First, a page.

Physical distribution enterprises are concerned with the logistics of goods for sale. Companies must determine the fastest, cheapest and safest ways to store, and transport goods from their original location to their final destination. Distributors often do this as a specialised service for companies that are too small to own their own distribution networks. A company may, for example, import razor blades from Korea by the container load, but still need help to distribute these around the country to resellers (retail outlets). They may make use of an established distributor (for example, Barloworld) or may plan their own logistics through a transport and warehousing company (for example, Maersk). Building strong relationships within the supply chain can provide a powerful advantage in delivering value to consumers.
Communications and market research agencies
Communications and market research agencies are tasked with functions such as advertising, package design, media, public relations and research for a company. While some larger companies may have internal capacity within their organisation to complete these tasks, most companies will outsource these functions. Many marketers use advertising and research agencies. A big company like Shoprite may use an advertising agency to help design promotional material, or Nissan South Africa may use a research agency to find out more about the car retail market in Gauteng.
Financial intermediaries include banks, insurance companies and credit enterprises that aid the company in financial management or insurance. A company like Old Mutual may provide insurance, among other services, while Nedbank may provide companies with business banking facilities. Access to credit in South Africa is important for small and medium-sized enterprises looking to grow.
In recent years, there has been a trend towards reducing the use of intermediaries between producers and consumers, with footwear companies like Hi Tech offering sales direct to the consumer (online through their website) in addition to retail intermediaries. Maintaining a good relationship with intermediaries is vital to ensure that goods and services are available to consumers at the right place, in the appropriate quantity and at the right time. Other stakeholders are discussed in the following section.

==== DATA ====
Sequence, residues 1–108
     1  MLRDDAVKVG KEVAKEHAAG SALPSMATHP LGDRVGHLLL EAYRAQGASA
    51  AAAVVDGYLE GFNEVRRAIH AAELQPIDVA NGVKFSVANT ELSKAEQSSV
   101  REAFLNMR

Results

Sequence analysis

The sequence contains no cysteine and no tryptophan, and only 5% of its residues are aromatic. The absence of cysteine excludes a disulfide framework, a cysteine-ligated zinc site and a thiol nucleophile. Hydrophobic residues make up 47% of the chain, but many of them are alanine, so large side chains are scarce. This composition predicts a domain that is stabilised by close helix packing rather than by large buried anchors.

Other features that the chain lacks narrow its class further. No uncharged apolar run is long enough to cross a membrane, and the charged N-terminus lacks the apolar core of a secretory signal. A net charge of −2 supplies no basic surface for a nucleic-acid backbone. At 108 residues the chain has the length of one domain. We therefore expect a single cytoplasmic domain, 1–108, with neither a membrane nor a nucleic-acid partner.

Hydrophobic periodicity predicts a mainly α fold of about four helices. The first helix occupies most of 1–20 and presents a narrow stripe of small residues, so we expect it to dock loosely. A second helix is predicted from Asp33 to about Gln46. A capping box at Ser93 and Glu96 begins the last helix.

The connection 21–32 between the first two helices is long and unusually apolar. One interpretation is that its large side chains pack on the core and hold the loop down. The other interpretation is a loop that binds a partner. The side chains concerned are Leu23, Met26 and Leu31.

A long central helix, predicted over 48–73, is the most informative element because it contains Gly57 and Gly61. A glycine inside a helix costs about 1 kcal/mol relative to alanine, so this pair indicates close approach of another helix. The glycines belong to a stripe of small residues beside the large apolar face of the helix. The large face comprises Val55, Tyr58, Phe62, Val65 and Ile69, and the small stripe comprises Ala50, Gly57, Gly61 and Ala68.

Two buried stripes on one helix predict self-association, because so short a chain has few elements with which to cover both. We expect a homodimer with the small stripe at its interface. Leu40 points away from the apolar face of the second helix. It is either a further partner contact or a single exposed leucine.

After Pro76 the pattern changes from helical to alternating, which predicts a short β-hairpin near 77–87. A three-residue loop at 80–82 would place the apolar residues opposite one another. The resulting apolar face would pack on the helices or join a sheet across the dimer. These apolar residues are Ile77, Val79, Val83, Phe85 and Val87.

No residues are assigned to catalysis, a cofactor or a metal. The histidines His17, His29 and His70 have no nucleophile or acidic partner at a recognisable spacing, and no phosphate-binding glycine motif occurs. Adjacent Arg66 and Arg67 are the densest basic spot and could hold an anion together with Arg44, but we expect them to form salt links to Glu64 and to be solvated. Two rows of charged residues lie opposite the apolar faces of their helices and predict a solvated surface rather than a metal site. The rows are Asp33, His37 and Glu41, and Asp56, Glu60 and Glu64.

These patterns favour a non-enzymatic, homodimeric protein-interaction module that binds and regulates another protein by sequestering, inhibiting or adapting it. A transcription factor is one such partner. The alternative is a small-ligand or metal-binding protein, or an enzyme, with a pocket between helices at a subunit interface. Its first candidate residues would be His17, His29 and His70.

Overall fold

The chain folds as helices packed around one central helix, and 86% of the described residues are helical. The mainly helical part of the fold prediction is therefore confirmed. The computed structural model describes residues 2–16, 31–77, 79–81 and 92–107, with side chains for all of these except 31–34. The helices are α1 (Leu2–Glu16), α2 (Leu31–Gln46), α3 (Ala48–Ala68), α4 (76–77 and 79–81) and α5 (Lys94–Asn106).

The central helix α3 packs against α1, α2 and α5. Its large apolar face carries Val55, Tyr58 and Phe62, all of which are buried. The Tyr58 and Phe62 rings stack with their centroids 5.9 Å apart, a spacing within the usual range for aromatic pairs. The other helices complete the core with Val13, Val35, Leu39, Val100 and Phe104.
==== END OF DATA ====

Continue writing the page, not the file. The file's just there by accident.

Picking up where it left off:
There are other kinds of stakeholders that have an impact on the consumer marketer and their ability to achieve objectives. These stakeholders (sometimes known as publics) fall into the definition of the micro-environment, but not into any of the categories above. Some examples of these stakeholders include media public, general public, local public and citizen action publics.
The media includes newspapers, blogs, magazines (print and digital), radio (broadcast and internet) and television outlets (broadcast and digital). They carry news, features and editorial opinion that may impact the company. The media can be extremely valuable or a burden, since they typically carry news, features and editorial opinions, delivering them to consumers and other publics. Public relations agencies can be hired to help use the media to the marketer's advantage. Having a good relationship with the media can be particularly helpful during crises.
An enterprise should consider the general public's attitude towards its products and services. The public perception of the business, its brands, and products and services directly impact consumers' buying habits. Marketers can keep track of public opinion through opinion polls and social media sentiment analysis.
The local community comprises neighbourhood residents and community organisations. Large businesses may appoint a community relations officer to meet with the community, answer questions and manage contributions to worthwhile causes.
Citizen action and public interest groups
The decisions a marketer makes will sometimes be questioned by citizens, environmental groups, minority groups, and others. A public relations department can help a company stay in touch with citizen action and public interest groups. A business can construct strategic marketing plans for some or all of these stakeholders. Marketers need to make judgements on where to spend time and resources. It is to be noted that some of the actions of the public may create problems for the business while others may create opportunities.
In this chapter we surveyed the micro-environment of the marketer. The chapter introduced the concept of both the micro and macro environment, but then focused on the former. The concepts of the company, competitors, suppliers, intermediaries and other stakeholders were introduced, defined and contextualised. In Chapter 8, the macro-environment, which largely lies outside of the direct influence of the marketer, is explored.